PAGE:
Discussion: This is the hardest section to write. Here the author has to present the principles, relationships and generalization of his result. He has the scope to show how his results and interpretation agree or contrast with the previously published reports. Many papers are being rejected only for faulty discussion, even though the data is valid and interesting. In such type of situation, the author will have to find another way to interpret the results. In a good discussion, you only discuss the significance of the results, don’t recapitulate the results. Point out any exception or any lack of correlation and try to explain the possible reasons. On many occasions, we find that the author has made statements that go beyond the result or sometimes introduced new terminology or ideas. The author must be cautious about it. “Finally good writing, like good music, has a fitting climax”.4 So discussion should end with a short conclusion regarding the significance of the work and also recommend whether further research is necessary to answer the research question. This is the hardest section to write. Here the author has to present the principles, relationships and generalization of his result. He has the scope to show how his results and interpretation agree or contrast with the previously published reports. Many papers are being rejected only for faulty discussion, even though the data is valid and interesting. In such type of situation, the author will have to find another way to interpret the results. In a good discussion, you only discuss the significance of the results, don’t recapitulate the results. Point out any exception or any lack of correlation and try to explain the possible reasons. On many occasions, we find that the author has made statements that go beyond the result or sometimes introduced new terminology or ideas. The author must be cautious about it. “Finally good writing, like good music, has a fitting climax”.4 So discussion should end with a short conclusion regarding the significance of the work and also recommend whether further research is necessary to answer the research question.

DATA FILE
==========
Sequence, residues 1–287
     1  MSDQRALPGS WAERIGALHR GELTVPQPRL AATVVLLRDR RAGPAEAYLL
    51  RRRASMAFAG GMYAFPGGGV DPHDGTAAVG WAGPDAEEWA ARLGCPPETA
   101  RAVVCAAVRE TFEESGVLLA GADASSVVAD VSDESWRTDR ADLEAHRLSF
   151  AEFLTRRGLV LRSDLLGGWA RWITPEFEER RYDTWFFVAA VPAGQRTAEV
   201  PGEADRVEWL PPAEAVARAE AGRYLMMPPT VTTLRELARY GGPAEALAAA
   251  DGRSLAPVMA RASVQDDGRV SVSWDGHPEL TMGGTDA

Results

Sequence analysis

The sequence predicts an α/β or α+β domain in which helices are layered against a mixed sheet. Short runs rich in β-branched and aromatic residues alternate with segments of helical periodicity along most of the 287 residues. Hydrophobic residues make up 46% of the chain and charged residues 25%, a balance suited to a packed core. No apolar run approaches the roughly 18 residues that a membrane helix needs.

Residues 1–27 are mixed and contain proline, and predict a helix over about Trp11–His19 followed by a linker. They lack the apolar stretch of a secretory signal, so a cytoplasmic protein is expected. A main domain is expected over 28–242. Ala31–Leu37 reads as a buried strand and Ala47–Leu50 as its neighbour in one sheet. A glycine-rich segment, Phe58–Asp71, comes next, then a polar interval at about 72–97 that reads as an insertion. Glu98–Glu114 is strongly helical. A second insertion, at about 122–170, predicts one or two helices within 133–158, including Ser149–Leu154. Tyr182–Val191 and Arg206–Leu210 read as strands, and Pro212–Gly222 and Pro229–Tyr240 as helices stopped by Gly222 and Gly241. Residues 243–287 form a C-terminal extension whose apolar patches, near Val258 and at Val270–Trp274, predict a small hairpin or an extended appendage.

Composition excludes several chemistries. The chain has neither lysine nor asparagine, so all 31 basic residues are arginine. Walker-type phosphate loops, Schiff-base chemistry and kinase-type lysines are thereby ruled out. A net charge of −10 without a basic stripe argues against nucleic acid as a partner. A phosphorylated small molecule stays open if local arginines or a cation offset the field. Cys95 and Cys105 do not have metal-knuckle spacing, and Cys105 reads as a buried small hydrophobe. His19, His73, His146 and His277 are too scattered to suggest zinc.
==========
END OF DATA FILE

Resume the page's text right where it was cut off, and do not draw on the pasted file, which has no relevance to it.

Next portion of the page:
Acknowledgement: principle element of this section is only courtesy. The author can mention here those names who have contributed to the study in the form of technical help or contributed to the manuscript, but not to the extent that justify authorship. The author can also mention about financial assistance and sponsorship.